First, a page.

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Chronicles of Parenting

Chronicles of Parenting: What We Can Learn from Deer

Dear Mother Deer,
It is with both respect and also awe that we are reaching out to express our admiration for your parenting efforts. What we recently witnessed on our property has convinced us that all the parenting books in the world and all the how-to websites can…well, go stuff it. Because we have learned something from you, or lots of somethings. In fact, it’s possible we’ve learned everything we need to know about doing this right, thanks to your example.What we can learn from deer 2
We first saw your baby curled up in the straggly ground cover of our backyard at about 9AM. As we gazed at your sleepy offspring from our living room picture window, we remarked on what a magical and adorable sight this was to behold. Our four-year-old son even said, “Oh that is so precious.” (Which was, if I do say so myself, also precious.) The point is, dare I say, we were fawning over your fawn.
(Is it okay that we began to call her Bambi? Yes, this was very derivative of us, but it was done with good will. And, we didn’t know her actual name.)
We immediately began to document this situation by snapping a quantity of photographs that would eventually number in the millions. Your daughter (son?) was just so small and speckled with such tiny white…speckles. All folded up like that with her legs tucked under, she was barely bigger than a basketball.
An hour or so later, when we began to worry that she had been abandoned, we turned to the trusty Internet where we gleaned a few things about your brilliant customs. Our concerns were allayed. Bravo on finding such a cuddly hiding spot for your newborn while you went off to forage for food. We humans do this too, but we have to hire care so that our children don’t choke on their own hands, climb up on top of the refrigerator, gulp down something poisonous, or stick toys in their ears. Though it was tempting, we got the message loud and clear that we should not do anything to interfere. And we did not; we simply observed and took notes.
What really impressed us was your dear little fawn, a true testament to your expert rearing. While she waited there for over 10fawn hours for your return, she displayed a level of patience we could hardly comprehend. What’s remarkable is that she can walk (as we would eventually note and document at the pick-up) but she didn’t. Conversely, infant humans cannot walk. As soon as they can, however, they not only walk, they sprint! Usually in zigzag patterns away from their parents, while hooting nonsensically, and at that point nothing, literally nothing can slow them down.
Sure, she dozed much of the time, but when awake, she just looked around, occasionally perked up her ears, and turned her head a bit. Otherwise, she was truly a portrait of calm. She didn’t nervously wriggle or frantically writhe and she didn’t scream out MOMMMMMYYYYYYY at the top of her lungs as soon as you were out of sight. She didn’t stand on her head for attention or perform a series of reckless, rabid somersaults. She was clearly confident that you would return. It really seemed as if she was able to amuse herself only with only the sound of the breeze in her ears (okay, and also our neighbor’s leaf blower) and focus on a steady string of her own thoughts.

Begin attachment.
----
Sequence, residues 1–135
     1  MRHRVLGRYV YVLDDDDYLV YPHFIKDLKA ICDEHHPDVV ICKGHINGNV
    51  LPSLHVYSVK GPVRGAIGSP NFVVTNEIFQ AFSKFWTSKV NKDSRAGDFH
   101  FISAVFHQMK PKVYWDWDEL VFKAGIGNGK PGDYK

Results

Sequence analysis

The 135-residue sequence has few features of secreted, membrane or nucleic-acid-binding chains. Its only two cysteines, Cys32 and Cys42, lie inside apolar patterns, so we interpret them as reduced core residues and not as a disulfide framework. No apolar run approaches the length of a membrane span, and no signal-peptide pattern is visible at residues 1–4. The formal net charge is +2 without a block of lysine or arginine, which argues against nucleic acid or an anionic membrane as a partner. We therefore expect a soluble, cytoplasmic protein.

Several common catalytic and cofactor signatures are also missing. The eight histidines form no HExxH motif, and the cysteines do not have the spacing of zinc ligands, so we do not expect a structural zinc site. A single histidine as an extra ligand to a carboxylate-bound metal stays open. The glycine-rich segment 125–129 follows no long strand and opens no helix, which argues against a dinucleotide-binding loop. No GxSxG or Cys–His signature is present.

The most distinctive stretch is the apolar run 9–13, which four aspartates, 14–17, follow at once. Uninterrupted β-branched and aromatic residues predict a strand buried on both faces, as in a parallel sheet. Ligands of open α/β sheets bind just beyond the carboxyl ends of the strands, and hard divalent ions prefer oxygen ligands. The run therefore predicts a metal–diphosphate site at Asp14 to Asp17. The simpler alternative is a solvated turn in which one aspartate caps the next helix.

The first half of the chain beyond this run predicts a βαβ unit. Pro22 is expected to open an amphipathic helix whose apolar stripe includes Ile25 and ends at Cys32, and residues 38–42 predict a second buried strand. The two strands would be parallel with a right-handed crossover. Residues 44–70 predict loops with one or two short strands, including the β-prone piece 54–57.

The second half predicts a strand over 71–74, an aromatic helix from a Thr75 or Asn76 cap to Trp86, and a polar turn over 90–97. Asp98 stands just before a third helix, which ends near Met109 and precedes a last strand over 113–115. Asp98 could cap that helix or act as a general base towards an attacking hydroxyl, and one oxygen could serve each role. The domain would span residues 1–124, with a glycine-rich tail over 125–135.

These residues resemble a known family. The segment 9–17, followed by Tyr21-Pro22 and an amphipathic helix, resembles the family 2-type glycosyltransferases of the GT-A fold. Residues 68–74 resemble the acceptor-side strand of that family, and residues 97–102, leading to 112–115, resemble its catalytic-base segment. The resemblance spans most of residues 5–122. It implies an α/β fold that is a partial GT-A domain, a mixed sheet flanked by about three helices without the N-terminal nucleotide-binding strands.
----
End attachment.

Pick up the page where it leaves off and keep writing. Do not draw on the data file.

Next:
I have a question: How did you convince her to do all this without the help of a lollipop?
You have instilled such independence! Such mutual trust! This exposure to your methodology has provided much food for thought. In fact, it has caused us to seriously reconsider our co-dependent and coddling ways.
When you picked her up, thank you for looking up at me, square in the eye. I think, if I could read your expression, you were saying “Thank you for watching over my baby from a safe distance.” Or maybe you were saying, “Step off, this is our special moment.” Either way, thank you for pausing long enough for me to snap a picture.
When you both walked away toward our busy street at dusk, we cringed, we howled. We slapped our heads and said, “Doh!” and also “Doe!” When you stepped onto the pavement and your baby followed behind, we begged you to turn back. Nooooooo! But you timed it perfectly – only a few cars were off in the distance – and you briefly strutted right down the middle of the street with assurance and maybe even a little aplomb. You were setting an example of courage for your child, and maybe for us too. After all, we have to do tough things in this world, and our kids might as well see us doing them so they can figure it all out, too.
When you both leapt into the nearby woods, we sighed with relief. Since then, we have been gazing out the window wistfully, wondering if you’ll choose our yard again. Her cradle is still there and we’d be more than honored to host her for a second time. It’s the least we could do.

Jocelyn Jane Cox. Photo Credit: ©2015 Dave ZornowJocelyn Jane Cox is a  freelance writer and author. Her 2012 humor book on life in the New York suburbs, The Homeowner’s Guide to Greatness: How to handle natural disasters, design dilemmas and various infestations, is available on Chronicles of Parenting, Blue Rock School, House Tour 2017Follow her on Twitter at @JocelynJaneCox.

The Chronicles of Parenting
is sponsored by Blue Rock School House & Garden Tour on June 10.


Nyack People & Places, a weekly series that features photos and profiles of citizens and scenes near Nyack, NY, is sponsored by Sun River Health.

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